3

I am trying to get the last inserted Id from database via Entity Framework, however my problem is somehow unique and I am not able to find any solution, but to rewrite my whole infrastructure and business layer, so all my Ids are Guids, which I am able to create manually, or get last record with another database call after commit.

Here is the problem. I have a three-layered architecture, where I am using UoW, repository, services and facades. I will show my code from top to bottom, so you can understand.

Here is my facade, where uow.Commit is calling SaveChanges()

public async Task<int> RegisterUserAsync(UserCreateDto user)
{
        using (var uow = UnitOfWorkProvider.Create())
        {
            var id = _userService.Create(user);
            await uow.Commit();
            return id;
        }
}

As you can see I am sending only my DTO into the service, where I process is like this, also I am mapping inside service

public virtual int Create(TCreateDto entityDto)
{
        var entity = Mapper.Map<TEntity>(entityDto);
        Repository.Create(entity);
        return entity.Id;
}

and finally my repository looks like this

public TKey Create(TEntity entity)
{
        Context.Set<TEntity>().Add(entity);
        return entity.Id;
}

Is there some elegant solution to this? Like I said my only idea is to switch all Ids to Guid or second call for Id after commit, which I find as not very good solution, because when I want to connect two or more tables in one transaction it would be impossible.

  • I think there should be a way to let your DB to handle the GUID creation. – diogenesgg Apr 24 '19 at 18:12
  • 1
    Guid creation is not a problem, you can let Db create it automatically, but in this scenario it would be more efficient to create it manually so you would know what Id you are inserting without the need of commit. But that is my fallback solution, I just want to know if there is a way to do it with Integer Id. – xpoproci Apr 24 '19 at 18:16
  • if you are fine with stored procedure then you can write some raw sql to return the inserted id using output clause – Steve Apr 24 '19 at 18:40
5

EF Core solution of the problem is simple - auto generated PK of an entity instance is available after calling SaveChanges[Async]. e.g.

var entity = Mapper.Map<TEntity>(entityDto);
Context.Add(entity);
// Here entity.Id contains auto-generated temporary value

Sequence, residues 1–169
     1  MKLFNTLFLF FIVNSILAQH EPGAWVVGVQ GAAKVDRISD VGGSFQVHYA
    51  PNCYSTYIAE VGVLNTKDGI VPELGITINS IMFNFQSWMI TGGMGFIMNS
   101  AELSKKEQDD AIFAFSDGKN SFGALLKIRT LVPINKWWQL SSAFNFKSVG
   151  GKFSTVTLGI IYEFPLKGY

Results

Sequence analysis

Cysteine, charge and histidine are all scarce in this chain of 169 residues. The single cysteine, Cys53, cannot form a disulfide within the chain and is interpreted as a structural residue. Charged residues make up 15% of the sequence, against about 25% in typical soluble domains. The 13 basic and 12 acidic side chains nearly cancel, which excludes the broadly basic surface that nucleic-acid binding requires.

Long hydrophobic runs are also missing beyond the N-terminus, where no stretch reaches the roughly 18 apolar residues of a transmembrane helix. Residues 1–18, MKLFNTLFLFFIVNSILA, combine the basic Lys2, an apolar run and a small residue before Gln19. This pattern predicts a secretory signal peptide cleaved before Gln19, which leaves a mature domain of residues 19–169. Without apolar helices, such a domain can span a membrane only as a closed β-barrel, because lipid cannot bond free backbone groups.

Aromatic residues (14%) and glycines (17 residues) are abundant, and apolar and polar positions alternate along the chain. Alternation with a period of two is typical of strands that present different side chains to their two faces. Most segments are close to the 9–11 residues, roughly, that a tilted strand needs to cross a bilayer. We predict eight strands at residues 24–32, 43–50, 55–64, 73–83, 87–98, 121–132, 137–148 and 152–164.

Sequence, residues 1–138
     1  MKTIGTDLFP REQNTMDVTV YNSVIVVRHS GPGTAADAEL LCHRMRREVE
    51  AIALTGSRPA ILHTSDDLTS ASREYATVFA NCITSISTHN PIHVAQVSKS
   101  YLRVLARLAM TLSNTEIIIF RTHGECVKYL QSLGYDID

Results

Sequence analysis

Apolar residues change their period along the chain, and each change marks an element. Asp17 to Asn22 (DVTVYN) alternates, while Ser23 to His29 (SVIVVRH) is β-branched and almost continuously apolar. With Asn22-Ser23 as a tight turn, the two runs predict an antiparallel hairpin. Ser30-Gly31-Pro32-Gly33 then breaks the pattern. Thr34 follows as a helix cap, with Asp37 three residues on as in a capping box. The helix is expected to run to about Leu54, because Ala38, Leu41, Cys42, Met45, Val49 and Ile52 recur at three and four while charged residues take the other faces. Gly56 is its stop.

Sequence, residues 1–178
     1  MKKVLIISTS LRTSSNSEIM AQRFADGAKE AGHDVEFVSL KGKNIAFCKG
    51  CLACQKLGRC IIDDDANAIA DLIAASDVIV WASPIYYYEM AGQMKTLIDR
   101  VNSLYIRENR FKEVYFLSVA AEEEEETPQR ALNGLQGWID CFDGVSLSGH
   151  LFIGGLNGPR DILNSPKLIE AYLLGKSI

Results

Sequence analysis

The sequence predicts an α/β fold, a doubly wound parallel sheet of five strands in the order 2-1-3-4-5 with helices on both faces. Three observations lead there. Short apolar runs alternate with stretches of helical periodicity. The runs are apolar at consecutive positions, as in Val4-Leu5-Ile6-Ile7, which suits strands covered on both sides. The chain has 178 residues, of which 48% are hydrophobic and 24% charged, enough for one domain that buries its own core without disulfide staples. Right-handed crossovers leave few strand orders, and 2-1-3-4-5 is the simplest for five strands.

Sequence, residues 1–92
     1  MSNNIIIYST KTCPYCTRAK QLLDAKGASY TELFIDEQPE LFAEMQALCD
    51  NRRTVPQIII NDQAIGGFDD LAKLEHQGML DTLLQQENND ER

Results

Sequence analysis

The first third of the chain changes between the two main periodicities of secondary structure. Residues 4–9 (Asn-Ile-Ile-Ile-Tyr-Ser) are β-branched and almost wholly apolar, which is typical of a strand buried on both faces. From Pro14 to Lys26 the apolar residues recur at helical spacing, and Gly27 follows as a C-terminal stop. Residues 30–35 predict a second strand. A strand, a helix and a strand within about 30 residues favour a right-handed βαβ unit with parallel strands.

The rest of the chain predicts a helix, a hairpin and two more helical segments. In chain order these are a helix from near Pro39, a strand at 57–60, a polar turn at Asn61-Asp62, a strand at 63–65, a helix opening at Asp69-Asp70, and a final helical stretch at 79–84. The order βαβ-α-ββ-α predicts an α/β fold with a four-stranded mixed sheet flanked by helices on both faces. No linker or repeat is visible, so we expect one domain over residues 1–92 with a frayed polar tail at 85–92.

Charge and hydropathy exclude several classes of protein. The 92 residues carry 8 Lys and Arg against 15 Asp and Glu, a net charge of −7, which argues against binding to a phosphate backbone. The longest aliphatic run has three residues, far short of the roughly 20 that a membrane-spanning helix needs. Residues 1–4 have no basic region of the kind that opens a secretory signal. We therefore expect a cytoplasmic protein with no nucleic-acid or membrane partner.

// Other stuff...
Context.SaveChanges();
// Here entity.Id contains actual auto-generated value from the db

So the problem is more in the design of your infrastructure - all these (unnecessary) UoW, repository, services and facades simply hide that functionality.

The only relatively simple and elegant solution I see with your architecture is to change the service return type from int to Func<int>, e.g.

public virtual Func<int> Create(TCreateDto entityDto)
{
    var entity = Mapper.Map<TEntity>(entityDto);
    Repository.Create(entity);
    return () => entity.Id; // <--
}

Then in your façade you could use

public async Task<int> RegisterUserAsync(UserCreateDto user)
{
    using (var uow = UnitOfWorkProvider.Create())
    {
        var id = _userService.Create(user);
        await uow.Commit();
        return id(); // <-- the actual id!
    }
}

Edit:

Actually EF Core provides another option which would allow you to keep your current design intact - the HiLo key generation strategy, but only if the database provider supports it. I can say for sure Microsoft.EntityFrameworkCore.SqlServer and Npgsql.EntityFrameworkCore.PostgreSQL do support it with respectively ForSqlServerUseSequenceHiLo and ForNpgsqlUseSequenceHiLo fluent APIs.

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  • Thanks, this was helpful, however there is still one catch. When I am inserting more than one entity that needs to reference each other in one transaction, this solution will still not provide Id I need add. I know EF got this funcionallity, but the reason I am doing it like this, is so I can swap ORM by changing minimum of code. – xpoproci Apr 25 '19 at 5:23
  • Lol, changing ORM will never be easy. Anyway, EF solves the problem with Ids by linking entities by navigation properties rather than by Ids. However I believe it allows you to use the temporary Id of an entity as FK in another entity inside one context transaction. SaveChanges updates all them accordingly. – Ivan Stoev Apr 25 '19 at 5:35

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